Posted by ljridley at 10:09 AM | Comments (0)

May 02, 2008

Future care of dependent elderly population in Europe

Report of study projecting dependent elder population up to 2030, distinguishing among family situations.

Posted by nebarr at 08:47 AM | Comments (0)

April 07, 2008

Variation in Health Care Costs

Researchers Find Huge Variations in End-of-Life Treatment
Robert Pear | NY TIMES
April 7, 2008

Based on a report from the Dartmouth Atlas of Health Care
Tracking the Care of Patients with Severe Chronic Illness

Posted by lisan at 09:52 PM | Comments (0)

April 03, 2008

Treatment of Hypertension in Patients 80 Years of Age or Older

Authors: Nigel S. Beckett, et al.
Source: New England Journal of Medicine

Elevated blood pressure is common in persons 80 years of age or older, a group constituting the fastest-growing segment of the general population. HYVET provides unique evidence that hypertension treatment based on indapamide (sustained release), with or without perindopril, in the very elderly, aimed to achieve a target blood pressure of 150/80 mm Hg, is beneficial and is associated with reduced risks of death from stroke, death from any cause, and heart failure.

Abstract; PDF

Posted by ljridley at 10:25 AM | Comments (0)

March 27, 2008

Older Americans 2008: Key Indicators of Well-Being

Older Americans 2008 provides an updated, accessible compendium of indicators, drawn from the most reliable official statistics about the well-being of Americans primarily age 65 and over. The 160-page report contains data on 38 key indicators—and a one-time special feature on health literacy.

Posted by yanfu at 01:50 PM | Comments (0)

Social Security Programs Throughout the World: The Americas, 2007

Social Security Programs Throughout the World: The Americas, 2007
Source: Social Security Administration, Office of Policy

The combined findings of this series, which also includes volumes on Europe, Asia and the Pacific, and Africa, are published at 6-month intervals over a 2-year period. Each volume highlights features of social security programs in the particular region.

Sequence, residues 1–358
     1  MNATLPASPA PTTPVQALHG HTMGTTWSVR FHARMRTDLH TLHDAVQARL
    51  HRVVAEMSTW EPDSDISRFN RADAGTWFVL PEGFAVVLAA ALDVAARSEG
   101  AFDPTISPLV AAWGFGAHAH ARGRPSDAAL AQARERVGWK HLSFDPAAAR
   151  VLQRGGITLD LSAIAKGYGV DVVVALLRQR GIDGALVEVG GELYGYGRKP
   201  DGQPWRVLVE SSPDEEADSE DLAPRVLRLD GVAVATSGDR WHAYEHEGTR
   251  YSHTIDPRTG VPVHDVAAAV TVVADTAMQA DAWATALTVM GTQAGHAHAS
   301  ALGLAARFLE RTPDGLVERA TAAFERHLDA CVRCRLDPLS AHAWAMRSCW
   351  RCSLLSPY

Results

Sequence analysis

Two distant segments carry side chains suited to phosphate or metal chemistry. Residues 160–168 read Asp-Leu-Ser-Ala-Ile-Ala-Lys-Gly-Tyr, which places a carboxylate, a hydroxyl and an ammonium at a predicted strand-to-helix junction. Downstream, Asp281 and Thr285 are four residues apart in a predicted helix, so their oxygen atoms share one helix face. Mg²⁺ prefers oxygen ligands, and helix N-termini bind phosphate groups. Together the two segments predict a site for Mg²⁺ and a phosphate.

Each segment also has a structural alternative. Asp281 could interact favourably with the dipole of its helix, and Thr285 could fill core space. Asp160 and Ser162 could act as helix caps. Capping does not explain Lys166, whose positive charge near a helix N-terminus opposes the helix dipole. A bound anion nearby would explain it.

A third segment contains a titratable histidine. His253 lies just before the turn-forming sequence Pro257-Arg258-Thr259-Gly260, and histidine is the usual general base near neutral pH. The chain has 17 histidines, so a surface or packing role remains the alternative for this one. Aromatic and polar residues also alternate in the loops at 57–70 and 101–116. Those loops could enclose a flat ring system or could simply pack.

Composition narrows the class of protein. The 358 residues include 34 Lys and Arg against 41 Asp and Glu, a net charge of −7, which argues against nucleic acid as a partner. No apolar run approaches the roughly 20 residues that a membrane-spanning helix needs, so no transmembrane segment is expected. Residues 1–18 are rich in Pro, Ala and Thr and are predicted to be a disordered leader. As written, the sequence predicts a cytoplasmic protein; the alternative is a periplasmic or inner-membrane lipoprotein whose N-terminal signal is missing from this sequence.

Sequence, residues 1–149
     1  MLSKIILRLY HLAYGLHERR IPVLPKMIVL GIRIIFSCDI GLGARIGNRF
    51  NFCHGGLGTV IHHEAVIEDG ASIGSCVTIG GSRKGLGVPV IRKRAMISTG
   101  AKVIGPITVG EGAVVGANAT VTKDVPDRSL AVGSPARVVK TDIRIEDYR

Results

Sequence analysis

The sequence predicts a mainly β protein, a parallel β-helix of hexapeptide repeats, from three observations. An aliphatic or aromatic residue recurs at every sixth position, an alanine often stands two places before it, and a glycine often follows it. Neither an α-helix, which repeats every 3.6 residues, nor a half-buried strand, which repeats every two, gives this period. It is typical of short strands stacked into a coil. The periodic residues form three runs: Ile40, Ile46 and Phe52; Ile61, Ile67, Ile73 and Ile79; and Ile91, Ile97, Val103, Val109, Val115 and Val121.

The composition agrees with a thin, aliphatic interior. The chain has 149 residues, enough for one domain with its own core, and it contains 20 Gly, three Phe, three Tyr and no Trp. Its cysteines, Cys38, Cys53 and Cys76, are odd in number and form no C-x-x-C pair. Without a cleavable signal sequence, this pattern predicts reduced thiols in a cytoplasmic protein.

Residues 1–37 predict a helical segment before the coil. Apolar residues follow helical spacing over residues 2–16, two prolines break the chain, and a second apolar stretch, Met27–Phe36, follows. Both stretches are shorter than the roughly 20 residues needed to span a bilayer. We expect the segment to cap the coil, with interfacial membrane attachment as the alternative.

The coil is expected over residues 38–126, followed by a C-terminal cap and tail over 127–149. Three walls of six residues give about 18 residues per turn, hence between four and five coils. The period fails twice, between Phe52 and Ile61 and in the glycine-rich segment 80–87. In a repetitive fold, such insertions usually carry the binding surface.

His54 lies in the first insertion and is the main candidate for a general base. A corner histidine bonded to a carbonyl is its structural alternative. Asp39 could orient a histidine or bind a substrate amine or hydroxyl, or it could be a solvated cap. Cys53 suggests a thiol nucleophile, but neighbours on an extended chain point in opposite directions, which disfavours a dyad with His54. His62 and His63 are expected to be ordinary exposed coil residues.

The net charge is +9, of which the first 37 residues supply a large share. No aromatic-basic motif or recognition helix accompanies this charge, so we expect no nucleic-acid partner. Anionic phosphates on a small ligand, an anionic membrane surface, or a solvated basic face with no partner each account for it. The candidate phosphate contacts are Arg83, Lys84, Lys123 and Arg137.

Posted by yanfu at 10:57 AM | Comments (0)

March 25, 2008

Max Planck Institute: Comparative analysis of mortality patterns

"Regularities and Deviations in Mortality Trends of the Developed World."

Posted by nebarr at 09:34 AM | Comments (0)

U-M Retirement Research Newsletter - 2008

Resources on key findings in health and disability.

Posted by nebarr at 09:21 AM | Comments (0)

CMS releases data on Medicare enrollment

National Trends 1966-2007
Medicare State Enrollment 2004-2006
(PDF files)

Posted by nebarr at 09:15 AM | Comments (0)

Report from Urban Institute

"Can Faster Economic Growth Bail Out Our Retirement Programs?"

Posted by nebarr at 08:43 AM | Comments (0)

Population Reference Bureau webcast

"How Older Women Can Shield Themselves From Poverty."

Posted by nebarr at 08:39 AM | Comments (0)

NIA March 2008 Aging Research Newsletter

Focus on aging research.

Posted by nebarr at 08:30 AM | Comments (0)

March 17, 2008

Getting More Stodgy? Maybe Not

Washington Post
Getting More Stodgy? Maybe Not
Susan Morse
March 11, 2008

Source: Danigelis, Nicholas L.; Hardy, Melissa; Cutler, Stephen J. 2007. "Population Aging, Intracohort Aging, and Sociopolitical Attitudes." American Sociological Review, Volume 72, Number 5, (October): 812-830

Posted by lisan at 10:13 PM | Comments (0)

March 13, 2008

Est costs of future medical care higher for today's retirees

A 65-year-old couple retiring this year will need about $225,000 in savings to cover medical costs in retirement, according to Boston-based Fidelity Investments. The estimate is up 4.7% from figure for 2007.

Posted by nebarr at 11:17 AM | Comments (0)

Mental acuity may be improving among seniors

New findings suggest that seniors may be gaining protection from memory loss via better cardiovascular health and more education. Researchers: Kenneth Langa (University of Michigan) and colleagues.

Posted by nebarr at 10:45 AM | Comments (0)